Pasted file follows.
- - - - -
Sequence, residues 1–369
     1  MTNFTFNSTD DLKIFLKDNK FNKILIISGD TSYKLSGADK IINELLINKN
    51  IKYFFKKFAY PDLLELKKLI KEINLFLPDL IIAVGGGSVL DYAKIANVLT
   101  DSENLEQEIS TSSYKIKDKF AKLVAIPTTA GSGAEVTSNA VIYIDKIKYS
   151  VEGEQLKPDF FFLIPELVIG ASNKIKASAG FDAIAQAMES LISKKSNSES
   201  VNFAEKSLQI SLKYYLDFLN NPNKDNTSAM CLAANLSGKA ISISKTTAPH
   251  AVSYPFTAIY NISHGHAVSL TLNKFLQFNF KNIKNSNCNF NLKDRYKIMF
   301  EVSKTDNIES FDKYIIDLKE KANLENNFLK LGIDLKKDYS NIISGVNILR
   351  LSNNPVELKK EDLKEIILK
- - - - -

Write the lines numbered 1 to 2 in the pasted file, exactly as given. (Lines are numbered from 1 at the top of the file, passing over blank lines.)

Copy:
Sequence, residues 1–369
     1  MTNFTFNSTD DLKIFLKDNK FNKILIISGD TSYKLSGADK IINELLINKN